4 Signs You Need To Schedule a Self-Care Day and How

We often think of self-care as taking a bubble bath, putting on fun skincare products, or eating a delicious smoothie bowl – and while these all count in some respects, it’s important to recognize the beautiful and messy process of genuine self-care. 

Self-care means being mindful of your physical and emotional needs so you can take better care of yourself and the ones you love. However, sometimes we forget to give ourselves a little extra love; and we, unfortunately, continue to put our needs aside. We can get so used to feeling our emotions aren’t of significance that we begin slowly deteriorating. It’s important to acknowledge that our mental, physical, and spiritual well-being are all interconnected; when you neglect one, the rest will follow, and this can negatively affect you in a variety of ways. I’m here to help you recognize some of the signs that indicate you might be in need of a self-care day, as the first step in having a successful one is realizing where and how we began avoiding our needs. 


Warning Sign #1: Burnout Territory

We’ve all forgotten the due date of an assignment, where we placed our keys, or even what day it is. But when these mental slips begin occurring more frequently, it’s important to start taking note. Author of High-Octane Women: How Superachievers Can Avoid Burnout, Sherrie Bourg Carter, Psy.D. explains “Lacks of focus and mild forgetfulness are early signs. Our bodies and minds do give us warnings, and if we know what to look for, we can recognize burnout before it’s too late.” When we begin losing track of important deadlines, events, and experience an overall failure to focus on tasks, it’s a major sign you are on the road to serious burnout. 


Warning Sign #2: Physical Symptoms of Stress

There are many symptoms that indicate excessive stress, such as headaches, an upset stomach, shortness of breath, or fainting spells. However, the way these symptoms manifest is uniquely connected to the person who experiences them. It’s important not to ignore these signs and to listen to your body when it is telling you something is wrong. These symptoms can be both exhausting to experience and to treat – so you owe it to yourself to prevent this kind of burnout as well as treating it with regular self-care.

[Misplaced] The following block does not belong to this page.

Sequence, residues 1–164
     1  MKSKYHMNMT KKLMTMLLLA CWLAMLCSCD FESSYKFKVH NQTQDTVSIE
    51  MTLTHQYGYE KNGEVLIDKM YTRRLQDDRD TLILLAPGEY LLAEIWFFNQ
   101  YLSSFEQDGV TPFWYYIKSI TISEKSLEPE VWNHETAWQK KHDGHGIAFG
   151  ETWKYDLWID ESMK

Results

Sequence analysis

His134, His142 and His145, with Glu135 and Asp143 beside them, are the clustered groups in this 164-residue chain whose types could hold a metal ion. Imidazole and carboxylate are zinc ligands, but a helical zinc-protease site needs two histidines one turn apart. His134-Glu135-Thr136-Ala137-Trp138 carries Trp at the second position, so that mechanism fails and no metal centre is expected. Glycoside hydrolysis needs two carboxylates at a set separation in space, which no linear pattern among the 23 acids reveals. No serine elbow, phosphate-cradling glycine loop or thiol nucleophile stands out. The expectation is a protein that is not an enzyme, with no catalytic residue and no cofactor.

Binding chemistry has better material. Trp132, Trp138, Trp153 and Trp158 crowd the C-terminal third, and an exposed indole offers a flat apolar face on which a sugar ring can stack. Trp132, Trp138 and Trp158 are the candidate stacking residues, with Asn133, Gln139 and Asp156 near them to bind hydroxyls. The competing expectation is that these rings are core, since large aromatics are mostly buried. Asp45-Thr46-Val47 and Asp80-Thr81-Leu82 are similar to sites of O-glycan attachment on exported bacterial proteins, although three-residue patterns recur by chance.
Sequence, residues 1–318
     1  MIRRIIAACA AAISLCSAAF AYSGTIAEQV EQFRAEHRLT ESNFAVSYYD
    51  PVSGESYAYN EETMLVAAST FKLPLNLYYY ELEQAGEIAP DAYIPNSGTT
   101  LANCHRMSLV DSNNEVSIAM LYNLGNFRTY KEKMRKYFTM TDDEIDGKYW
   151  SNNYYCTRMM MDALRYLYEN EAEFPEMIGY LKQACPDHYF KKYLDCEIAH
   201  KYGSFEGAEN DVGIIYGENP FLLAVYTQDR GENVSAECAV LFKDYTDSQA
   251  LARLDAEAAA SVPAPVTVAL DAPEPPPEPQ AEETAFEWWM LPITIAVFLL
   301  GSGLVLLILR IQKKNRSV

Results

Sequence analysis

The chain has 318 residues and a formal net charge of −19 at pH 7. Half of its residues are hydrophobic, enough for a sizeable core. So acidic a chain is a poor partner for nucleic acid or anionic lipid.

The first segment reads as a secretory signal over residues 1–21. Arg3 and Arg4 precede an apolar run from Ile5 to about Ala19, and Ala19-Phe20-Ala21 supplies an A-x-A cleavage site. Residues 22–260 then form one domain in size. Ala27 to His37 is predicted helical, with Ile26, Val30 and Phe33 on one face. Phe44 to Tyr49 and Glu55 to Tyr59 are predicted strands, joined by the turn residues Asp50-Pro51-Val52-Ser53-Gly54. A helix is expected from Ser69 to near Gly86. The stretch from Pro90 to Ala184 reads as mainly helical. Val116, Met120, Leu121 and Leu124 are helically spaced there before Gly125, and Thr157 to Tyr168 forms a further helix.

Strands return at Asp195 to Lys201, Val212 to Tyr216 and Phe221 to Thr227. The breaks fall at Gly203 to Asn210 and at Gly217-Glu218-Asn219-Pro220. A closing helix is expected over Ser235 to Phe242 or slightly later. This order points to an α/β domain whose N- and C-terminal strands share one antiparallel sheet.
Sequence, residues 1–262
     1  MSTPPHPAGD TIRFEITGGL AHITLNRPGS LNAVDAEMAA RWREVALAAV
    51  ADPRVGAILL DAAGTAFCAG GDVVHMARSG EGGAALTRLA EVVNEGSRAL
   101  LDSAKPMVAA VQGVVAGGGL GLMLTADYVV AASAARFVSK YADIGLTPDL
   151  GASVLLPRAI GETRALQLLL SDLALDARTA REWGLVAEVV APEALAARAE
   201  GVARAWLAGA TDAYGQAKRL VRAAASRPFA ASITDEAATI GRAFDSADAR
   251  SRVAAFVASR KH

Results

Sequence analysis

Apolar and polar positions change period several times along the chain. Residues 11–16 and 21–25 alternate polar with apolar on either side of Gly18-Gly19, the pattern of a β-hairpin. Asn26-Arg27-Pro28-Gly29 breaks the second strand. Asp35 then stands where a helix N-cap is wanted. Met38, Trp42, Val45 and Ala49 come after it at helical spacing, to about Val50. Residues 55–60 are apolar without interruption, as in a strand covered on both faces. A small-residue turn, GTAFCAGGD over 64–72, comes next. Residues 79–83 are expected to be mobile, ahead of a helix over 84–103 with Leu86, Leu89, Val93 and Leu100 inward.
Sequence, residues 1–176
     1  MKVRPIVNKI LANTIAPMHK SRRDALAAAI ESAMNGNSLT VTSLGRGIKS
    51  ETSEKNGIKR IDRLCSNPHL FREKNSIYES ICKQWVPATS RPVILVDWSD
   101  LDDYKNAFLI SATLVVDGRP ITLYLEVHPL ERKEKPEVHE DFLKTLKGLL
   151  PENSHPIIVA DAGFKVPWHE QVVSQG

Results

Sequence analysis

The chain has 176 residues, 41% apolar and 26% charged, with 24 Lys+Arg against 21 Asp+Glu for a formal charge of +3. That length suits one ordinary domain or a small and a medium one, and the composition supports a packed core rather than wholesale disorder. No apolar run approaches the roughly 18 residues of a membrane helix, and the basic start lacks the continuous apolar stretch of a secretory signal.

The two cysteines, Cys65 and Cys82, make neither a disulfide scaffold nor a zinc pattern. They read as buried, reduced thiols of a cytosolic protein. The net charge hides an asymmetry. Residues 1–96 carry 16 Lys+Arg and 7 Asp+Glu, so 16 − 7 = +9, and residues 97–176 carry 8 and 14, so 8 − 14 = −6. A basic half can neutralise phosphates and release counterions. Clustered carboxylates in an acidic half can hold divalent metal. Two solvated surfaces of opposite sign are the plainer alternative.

Warning Sign #3: Increased Negative Thinking 

A little self-doubt, overthinking, or sadness is normal in life; in fact, it’s healthy to have a balance of these emotions. However, the problem begins when these negative emotions begin consuming your thoughts and outweighing the positive ones. Without self-care, our lives begin to slowly fall apart. We begin losing interest in the things we once loved, isolating ourselves from the people we care about and feeling like a stranger in our own bodies. “Pessimism, isolation, and detachment can be signs of burnout,” says Dr. Carter. If you’re noticing this kind of overwhelmingly negative thinking, it’s time to address it and become mindful of your physical and emotional needs. 


Warning Sign #4: No Me-Time on Your To-Do List

Sometimes, we get so caught up in our work, school, or priorities that we forget to have a little fun. Even if it’s just for 15 or 20 minutes, that time is essential to you living the good and healthy life you deserve. If you really can’t remember the last time you had real fun, it’s a sign that you’ve been lacking some “me-time” on your schedule. It’s important to remind yourself that you deserve to enjoy yourself and to not push yourself past your limit.  Having a few moments to look into your life and really recognize where change needs to happen is the best way to prevent this kind of overwhelming feeling and alleviate the pain or stress that comes alongside it.


Photo by Danielle Daly

Self-care is a reminder that we’re not superheroes. We have our limits, we have our needs and wants, and we have to listen to what those limits, needs, and wants are. Once you’ve done that, decide what self-care looks like for you. Everyone’s version is different, and that’s the beauty of it. It can take a while to understand what works best for you, and it’s okay to not know right away. It could be something as simple as declining an invitation because you feel emotionally tired, or it could be doing regular morning yoga. Maybe it’s going to bookstores, eating at your favorite restaurants, or watching movies with friends. Either way, “we want to make sure whatever we are doing doesn’t have any negative consequences,” says Dr. Carter. For instance, compulsive activities cause you to perform certain behaviors or engage in certain activities that lead to your own downfall. “If you are engaging in an addictive behavior of any sort, that’s going to cause more problems than the issue you are trying to solve,” explains Carter. “Make sure whatever you choose is actually healthy and productive for you.”


The important part is not only what you do but how consistent you are with what you do. 


So, create your list of favorite self-care activities and look back on it whenever you feel an overwhelming amount of stress or tension. Whatever you do, remember to take care of yourself; it is never selfish to prioritize your emotional needs.